Tuesday, December 03, 2013

Balanced Budget Math, College Edition

Isn't this just the coolest representation of California?

There's a rumor going around that with the passage of Prop 30 and a recovering economy California is nearly back to a balanced budget.  Okay, the rumor is that State officials will "claim" we are almost back to even.  Set aside that we have a Constitution that forbids deficits.  Set aside enough wiggle room for dynamic budgeting, optimistic projections, etc.  What's the real story?  It's an old story, you may have heard it before.  Borrow, lie and spend.

Despite very low interest rates (remember this) the portion of revenue dedicated to debt service continues to grow. That is not necessarily a bad thing.  It is only bad when at it comes at the expenses of ongoing obligations.  And guess what?  Yup, at the expense of ongoing payments.

With wickedly low interest rates why would you enter into a variable loan?  Because your Wall Street advisors said it was good.  And what if it was not good?  Why then your Wall Street advisors have an answer; Swaps.  Uh oh.  You know where this went.  It gets worse.  Say you are a CS or UC campus and "need" a new building.  How to get it as cheap as possible meaning as gold plated as you can get away with?  One way is with cheap credit.  How to make credit cheaper?  Your Wall Street advisors have a solution.  Just like companies; issue preferred debt.  That means every dollar every semester every year goes to paying off bondholders and finance charges before everything else.  Getting this now?  The money doesn't pay teachers or anything else until the debt is serviced.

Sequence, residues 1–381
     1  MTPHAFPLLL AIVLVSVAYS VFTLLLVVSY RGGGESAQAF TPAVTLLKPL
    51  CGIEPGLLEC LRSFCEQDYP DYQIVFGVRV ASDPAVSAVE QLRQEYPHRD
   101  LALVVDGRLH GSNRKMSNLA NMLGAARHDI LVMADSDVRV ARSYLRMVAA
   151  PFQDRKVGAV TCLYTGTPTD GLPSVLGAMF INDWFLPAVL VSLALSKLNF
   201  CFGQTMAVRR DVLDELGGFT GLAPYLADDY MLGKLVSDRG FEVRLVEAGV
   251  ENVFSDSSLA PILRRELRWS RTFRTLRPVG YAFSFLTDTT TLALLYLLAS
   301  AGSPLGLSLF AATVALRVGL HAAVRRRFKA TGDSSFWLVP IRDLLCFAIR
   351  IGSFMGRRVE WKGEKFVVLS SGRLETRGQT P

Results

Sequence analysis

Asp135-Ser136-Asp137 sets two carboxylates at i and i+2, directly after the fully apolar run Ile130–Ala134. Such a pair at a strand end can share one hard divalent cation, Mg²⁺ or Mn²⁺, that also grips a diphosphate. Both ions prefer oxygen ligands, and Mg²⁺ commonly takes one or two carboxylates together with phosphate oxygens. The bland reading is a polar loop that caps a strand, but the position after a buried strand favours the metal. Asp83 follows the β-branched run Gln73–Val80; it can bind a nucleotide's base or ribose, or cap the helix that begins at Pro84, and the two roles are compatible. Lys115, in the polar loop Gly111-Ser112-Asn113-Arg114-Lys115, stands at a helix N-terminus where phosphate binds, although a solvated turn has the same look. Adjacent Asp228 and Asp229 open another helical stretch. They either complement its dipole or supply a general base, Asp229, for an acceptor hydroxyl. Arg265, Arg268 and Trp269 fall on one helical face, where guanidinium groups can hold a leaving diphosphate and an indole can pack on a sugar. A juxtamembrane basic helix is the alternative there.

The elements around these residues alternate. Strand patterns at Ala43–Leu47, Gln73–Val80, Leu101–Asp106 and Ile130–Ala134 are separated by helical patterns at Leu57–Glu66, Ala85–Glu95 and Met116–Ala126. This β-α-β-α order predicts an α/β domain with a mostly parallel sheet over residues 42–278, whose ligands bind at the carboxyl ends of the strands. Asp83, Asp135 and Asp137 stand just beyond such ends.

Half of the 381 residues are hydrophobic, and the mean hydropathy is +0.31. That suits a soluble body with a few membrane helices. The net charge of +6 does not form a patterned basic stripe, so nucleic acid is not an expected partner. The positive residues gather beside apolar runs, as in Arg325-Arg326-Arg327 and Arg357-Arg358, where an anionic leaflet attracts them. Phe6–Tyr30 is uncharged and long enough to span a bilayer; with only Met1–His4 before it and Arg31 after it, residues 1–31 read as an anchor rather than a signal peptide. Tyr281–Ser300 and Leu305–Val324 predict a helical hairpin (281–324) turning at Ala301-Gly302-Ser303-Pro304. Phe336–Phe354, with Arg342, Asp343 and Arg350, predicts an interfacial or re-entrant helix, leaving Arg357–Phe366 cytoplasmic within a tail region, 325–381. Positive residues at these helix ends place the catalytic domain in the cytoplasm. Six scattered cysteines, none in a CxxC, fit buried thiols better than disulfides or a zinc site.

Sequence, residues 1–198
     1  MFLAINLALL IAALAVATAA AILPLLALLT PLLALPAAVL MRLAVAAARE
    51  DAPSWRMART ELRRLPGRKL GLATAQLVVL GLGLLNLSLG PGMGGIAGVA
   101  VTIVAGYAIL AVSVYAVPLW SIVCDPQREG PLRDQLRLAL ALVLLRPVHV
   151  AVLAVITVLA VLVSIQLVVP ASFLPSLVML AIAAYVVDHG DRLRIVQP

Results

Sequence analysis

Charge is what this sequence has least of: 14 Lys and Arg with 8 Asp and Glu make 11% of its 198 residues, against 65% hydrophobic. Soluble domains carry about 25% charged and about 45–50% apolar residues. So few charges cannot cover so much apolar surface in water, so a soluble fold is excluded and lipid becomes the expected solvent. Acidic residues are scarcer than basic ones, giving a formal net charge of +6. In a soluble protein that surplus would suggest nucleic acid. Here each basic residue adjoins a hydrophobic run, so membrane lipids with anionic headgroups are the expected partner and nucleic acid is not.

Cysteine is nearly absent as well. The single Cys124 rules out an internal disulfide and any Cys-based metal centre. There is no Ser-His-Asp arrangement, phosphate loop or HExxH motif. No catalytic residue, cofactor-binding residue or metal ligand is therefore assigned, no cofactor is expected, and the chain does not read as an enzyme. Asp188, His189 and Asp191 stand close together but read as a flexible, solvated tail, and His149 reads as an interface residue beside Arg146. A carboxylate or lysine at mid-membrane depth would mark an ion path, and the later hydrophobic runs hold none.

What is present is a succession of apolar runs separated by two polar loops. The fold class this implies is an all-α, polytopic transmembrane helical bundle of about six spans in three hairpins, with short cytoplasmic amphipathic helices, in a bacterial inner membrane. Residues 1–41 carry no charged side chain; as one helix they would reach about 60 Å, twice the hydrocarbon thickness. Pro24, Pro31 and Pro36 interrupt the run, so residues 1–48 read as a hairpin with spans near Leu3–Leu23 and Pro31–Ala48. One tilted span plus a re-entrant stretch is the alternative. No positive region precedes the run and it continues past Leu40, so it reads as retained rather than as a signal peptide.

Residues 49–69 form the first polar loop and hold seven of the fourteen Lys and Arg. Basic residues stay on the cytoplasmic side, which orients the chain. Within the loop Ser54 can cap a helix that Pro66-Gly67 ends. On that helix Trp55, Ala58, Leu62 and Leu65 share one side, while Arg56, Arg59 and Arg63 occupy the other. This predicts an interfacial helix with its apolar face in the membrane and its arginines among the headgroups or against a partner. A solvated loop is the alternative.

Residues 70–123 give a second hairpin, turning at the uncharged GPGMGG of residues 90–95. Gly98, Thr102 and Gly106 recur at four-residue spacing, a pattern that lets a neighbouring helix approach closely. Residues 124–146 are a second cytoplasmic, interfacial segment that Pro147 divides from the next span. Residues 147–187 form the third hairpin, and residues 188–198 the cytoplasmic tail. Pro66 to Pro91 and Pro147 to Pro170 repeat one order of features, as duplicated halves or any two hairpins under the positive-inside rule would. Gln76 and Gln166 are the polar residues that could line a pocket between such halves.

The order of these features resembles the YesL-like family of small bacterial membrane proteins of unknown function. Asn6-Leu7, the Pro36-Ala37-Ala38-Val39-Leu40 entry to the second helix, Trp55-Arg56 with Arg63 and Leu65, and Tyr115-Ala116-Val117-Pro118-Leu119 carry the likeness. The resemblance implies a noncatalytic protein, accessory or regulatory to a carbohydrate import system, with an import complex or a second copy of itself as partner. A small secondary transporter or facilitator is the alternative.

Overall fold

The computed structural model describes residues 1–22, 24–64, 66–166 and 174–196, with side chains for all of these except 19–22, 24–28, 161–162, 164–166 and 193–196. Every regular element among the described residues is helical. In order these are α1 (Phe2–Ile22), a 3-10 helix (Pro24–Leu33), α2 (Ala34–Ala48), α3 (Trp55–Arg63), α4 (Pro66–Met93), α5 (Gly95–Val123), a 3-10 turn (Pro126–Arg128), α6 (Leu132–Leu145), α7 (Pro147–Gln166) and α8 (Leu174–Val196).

Even With Tuition Hikes, Public Universities Can’t Keep Up

For years, state schools have used tuition increases as a crutch to bolster revenue in the face of declining state support. Now, however, about four in 10 public universities report tuition revenue is not keeping pace with inflation, according to a new report by Moody’s Investors Service. In putting together its report, Moody’s surveyed 114 four-year public universities and 173 four-year privates and found that negative trends — inability to raise prices, declining enrollments and heightened regulatory and political pressure to keep down tuition — are “now buffeting public universities with greater intensity.” Revenue from tuition is projected to grow at a rate below inflation at 44 percent of publics and 42 percent of privates surveyed by Moody’s. Conditions at colleges and universities outside the survey could be even worse because Moody’s rates colleges that are in a position to borrow money.